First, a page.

Countries Release Text of Anti-Piracy Pact
By Mansha Daswani
Published: October 7, 2010

TOKYO/WASHINGTON, D.C.: The text for the proposed Anti-Counterfeiting Trade Agreement (ACTA) has been made public, as some 40 countries across North America, Asia and Europe look to battle the global trade in pirated goods.

The release of the proposals followed a round of negotiations in Tokyo from September 23 to October 2 between Australia, Canada, the European Union, Japan, Korea, Mexico, Morocco, New Zealand, Singapore, Switzerland and the U.S. The participants agreed to work expeditiously to resolve the small number of outstanding issues that require further examination in their own countries, with a view to finalizing the text of the agreement as soon as possible.

ACTA provides an international framework to combat piracy in the 21st century. The agreement also includes provisions to deepen international cooperation and to promote strong enforcement practices.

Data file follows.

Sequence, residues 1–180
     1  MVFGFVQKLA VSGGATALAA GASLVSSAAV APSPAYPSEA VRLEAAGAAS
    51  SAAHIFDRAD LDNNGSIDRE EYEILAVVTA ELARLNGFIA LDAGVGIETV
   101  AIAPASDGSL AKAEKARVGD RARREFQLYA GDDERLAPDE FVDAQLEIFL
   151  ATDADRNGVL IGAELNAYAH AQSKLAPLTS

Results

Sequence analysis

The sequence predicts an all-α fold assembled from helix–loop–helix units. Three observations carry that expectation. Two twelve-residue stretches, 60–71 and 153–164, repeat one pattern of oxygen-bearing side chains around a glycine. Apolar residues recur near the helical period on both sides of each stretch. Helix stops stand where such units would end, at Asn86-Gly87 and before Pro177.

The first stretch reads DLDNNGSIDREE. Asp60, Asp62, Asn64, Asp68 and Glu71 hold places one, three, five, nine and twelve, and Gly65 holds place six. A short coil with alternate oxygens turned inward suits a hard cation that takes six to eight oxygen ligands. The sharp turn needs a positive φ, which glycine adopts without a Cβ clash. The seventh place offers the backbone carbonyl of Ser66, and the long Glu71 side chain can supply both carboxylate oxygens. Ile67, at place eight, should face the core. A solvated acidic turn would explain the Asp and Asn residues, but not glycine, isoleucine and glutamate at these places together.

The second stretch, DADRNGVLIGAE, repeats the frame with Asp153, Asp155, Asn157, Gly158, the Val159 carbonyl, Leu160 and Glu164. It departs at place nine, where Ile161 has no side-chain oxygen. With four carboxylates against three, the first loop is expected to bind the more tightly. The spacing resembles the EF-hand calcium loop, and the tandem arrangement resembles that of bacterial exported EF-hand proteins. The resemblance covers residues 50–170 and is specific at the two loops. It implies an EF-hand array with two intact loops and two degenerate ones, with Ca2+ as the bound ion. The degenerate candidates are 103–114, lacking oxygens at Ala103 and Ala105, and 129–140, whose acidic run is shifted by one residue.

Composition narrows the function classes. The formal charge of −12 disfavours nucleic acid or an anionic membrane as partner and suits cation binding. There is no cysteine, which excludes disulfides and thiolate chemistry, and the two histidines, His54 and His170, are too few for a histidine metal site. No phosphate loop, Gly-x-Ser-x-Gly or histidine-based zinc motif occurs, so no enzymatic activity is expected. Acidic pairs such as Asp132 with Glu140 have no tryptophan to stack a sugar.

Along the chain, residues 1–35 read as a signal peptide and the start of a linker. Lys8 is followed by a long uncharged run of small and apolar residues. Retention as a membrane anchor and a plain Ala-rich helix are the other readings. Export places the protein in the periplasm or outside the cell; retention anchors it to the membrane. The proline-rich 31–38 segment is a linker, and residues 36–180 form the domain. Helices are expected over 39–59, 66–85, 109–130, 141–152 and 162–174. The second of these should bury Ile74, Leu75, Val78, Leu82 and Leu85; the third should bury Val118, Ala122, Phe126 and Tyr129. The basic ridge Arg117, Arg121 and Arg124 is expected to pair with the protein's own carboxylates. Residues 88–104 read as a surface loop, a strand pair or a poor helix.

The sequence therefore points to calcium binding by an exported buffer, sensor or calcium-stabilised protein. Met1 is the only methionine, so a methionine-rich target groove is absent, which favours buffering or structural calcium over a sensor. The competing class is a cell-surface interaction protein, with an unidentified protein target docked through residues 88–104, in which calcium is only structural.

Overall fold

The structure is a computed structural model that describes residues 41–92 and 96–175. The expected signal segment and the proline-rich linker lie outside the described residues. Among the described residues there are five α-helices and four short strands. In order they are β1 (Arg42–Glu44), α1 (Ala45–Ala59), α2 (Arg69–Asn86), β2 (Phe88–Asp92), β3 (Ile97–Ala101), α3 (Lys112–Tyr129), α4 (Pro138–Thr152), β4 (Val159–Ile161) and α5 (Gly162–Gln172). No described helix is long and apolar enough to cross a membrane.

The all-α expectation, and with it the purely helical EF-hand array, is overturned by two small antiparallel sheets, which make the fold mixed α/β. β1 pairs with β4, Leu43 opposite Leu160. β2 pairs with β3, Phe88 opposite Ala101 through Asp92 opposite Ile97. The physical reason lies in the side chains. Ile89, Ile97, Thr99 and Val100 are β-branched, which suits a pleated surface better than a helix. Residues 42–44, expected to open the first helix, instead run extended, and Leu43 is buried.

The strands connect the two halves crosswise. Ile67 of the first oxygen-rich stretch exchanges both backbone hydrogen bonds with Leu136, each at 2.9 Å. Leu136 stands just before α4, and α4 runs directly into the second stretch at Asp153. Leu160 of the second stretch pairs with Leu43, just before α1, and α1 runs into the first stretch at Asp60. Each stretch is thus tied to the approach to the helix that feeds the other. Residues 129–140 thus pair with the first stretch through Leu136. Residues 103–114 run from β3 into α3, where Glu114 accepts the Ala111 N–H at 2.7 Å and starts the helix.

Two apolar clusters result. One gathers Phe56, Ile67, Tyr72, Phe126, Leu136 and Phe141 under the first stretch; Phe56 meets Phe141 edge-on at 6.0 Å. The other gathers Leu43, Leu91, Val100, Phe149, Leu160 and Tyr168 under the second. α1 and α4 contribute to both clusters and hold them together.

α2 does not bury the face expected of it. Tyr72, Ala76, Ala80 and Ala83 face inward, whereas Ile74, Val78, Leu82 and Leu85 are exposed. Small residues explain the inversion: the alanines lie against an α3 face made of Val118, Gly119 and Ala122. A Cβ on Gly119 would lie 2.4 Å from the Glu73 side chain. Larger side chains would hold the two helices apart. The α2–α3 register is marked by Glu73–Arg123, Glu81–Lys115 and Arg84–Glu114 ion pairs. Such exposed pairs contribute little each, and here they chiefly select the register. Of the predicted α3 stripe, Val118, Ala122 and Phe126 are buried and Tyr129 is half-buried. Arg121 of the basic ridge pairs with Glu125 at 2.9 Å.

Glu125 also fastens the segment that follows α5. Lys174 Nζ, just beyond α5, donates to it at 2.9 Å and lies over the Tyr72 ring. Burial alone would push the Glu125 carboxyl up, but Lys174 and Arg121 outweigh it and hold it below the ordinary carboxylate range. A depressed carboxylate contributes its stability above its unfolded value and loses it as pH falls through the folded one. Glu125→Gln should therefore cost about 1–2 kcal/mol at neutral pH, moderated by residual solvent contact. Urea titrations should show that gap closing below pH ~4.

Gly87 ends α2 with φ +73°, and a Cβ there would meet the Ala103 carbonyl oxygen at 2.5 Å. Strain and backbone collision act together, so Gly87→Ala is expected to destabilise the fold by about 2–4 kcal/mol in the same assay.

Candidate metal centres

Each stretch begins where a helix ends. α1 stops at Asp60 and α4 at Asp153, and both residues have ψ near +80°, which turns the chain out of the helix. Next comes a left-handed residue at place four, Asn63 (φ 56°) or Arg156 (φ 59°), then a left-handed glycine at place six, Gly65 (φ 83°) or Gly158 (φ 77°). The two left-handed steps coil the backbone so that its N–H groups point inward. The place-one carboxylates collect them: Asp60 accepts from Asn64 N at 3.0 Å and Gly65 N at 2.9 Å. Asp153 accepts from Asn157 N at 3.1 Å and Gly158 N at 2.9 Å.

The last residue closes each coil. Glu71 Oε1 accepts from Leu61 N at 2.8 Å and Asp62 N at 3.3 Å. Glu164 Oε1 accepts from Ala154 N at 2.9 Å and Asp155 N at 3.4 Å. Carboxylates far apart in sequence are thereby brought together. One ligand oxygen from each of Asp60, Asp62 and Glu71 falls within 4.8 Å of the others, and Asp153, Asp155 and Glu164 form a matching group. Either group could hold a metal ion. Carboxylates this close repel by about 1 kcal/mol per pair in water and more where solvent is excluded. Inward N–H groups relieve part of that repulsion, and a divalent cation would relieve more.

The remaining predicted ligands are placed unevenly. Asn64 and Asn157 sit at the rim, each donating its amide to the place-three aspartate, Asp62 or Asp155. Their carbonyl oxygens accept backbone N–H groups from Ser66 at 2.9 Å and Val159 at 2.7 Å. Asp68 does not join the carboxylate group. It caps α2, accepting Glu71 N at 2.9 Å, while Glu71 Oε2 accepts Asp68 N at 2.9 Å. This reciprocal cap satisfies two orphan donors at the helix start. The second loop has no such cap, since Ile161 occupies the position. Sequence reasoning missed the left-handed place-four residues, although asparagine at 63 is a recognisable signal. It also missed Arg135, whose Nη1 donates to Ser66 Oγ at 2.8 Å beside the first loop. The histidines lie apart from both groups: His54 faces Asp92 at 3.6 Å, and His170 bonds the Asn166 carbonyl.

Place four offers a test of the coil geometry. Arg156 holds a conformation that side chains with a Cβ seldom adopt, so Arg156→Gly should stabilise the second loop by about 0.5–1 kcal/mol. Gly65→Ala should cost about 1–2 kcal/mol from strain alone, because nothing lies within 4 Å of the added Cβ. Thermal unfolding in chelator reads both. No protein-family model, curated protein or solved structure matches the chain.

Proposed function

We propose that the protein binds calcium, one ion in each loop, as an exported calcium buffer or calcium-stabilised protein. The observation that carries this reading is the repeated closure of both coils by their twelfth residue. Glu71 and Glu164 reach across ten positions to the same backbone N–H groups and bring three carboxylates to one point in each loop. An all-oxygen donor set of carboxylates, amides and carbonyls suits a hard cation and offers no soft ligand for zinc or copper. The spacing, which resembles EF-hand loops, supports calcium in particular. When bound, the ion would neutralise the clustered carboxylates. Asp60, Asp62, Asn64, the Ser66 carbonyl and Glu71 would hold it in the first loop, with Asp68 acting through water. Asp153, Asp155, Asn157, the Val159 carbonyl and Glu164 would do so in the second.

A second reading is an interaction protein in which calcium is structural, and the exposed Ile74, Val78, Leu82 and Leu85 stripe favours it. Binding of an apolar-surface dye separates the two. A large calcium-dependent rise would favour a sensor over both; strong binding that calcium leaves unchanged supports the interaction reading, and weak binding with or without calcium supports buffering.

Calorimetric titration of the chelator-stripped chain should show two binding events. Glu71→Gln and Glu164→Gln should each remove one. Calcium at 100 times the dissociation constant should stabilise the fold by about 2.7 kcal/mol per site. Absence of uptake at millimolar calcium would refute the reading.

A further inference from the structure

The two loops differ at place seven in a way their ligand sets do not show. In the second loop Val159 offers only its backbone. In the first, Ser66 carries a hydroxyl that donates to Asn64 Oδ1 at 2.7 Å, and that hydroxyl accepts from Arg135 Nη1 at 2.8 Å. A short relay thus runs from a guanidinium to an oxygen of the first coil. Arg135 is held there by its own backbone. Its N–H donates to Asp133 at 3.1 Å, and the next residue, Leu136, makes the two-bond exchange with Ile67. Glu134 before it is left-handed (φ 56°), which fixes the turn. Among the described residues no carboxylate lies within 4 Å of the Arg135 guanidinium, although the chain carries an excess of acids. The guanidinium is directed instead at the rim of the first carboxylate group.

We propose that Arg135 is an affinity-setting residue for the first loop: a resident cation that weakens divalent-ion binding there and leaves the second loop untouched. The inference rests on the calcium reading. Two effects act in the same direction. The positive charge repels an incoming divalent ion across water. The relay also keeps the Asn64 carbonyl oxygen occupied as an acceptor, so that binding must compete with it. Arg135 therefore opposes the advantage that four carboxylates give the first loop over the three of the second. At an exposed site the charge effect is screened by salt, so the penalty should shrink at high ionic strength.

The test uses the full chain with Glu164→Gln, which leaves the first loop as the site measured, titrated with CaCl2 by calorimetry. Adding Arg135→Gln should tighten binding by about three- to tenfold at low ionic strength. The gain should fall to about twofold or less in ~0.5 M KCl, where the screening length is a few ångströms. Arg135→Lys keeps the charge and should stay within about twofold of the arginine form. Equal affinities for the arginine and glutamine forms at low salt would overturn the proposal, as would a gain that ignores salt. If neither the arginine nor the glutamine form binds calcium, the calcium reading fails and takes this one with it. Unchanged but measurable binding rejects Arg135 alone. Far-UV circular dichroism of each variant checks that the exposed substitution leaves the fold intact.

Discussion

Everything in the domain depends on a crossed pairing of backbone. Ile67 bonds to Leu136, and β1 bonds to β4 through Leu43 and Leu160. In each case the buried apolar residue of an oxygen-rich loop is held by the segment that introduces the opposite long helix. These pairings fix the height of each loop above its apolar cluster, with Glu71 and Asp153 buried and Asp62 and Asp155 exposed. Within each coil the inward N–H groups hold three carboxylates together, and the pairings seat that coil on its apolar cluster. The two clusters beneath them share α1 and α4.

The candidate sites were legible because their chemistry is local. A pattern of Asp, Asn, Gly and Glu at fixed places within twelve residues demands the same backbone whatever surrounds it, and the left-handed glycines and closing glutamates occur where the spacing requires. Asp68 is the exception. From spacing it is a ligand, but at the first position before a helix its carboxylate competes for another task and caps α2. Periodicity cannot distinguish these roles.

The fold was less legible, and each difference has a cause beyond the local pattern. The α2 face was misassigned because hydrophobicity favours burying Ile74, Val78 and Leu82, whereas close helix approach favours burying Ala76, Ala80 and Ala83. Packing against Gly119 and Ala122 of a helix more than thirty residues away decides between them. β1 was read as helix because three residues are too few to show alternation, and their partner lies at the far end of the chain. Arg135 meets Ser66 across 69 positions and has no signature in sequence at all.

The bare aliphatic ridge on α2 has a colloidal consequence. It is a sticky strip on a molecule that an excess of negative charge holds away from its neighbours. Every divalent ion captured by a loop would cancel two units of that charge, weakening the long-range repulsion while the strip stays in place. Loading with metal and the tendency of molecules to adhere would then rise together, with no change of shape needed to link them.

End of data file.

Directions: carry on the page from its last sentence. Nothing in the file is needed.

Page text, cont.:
U.S. Trade Representative Ron Kirk commented, “This text reflects tremendous progress in the fight against counterfeiting and piracy—a global crime wave that robs workers in the United States and around the world of good-paying jobs and exposes consumers to dangerous products. The leadership shown by our ACTA partners in reaching solutions on tough issues should send a strong message to pirates and counterfeiters that they have no place in the channels of legitimate trade. We must now work quickly with our partners to finalize the results achieved in the Tokyo. This work represents a significant victory for those who care about protecting and enforcing intellectual property rights.”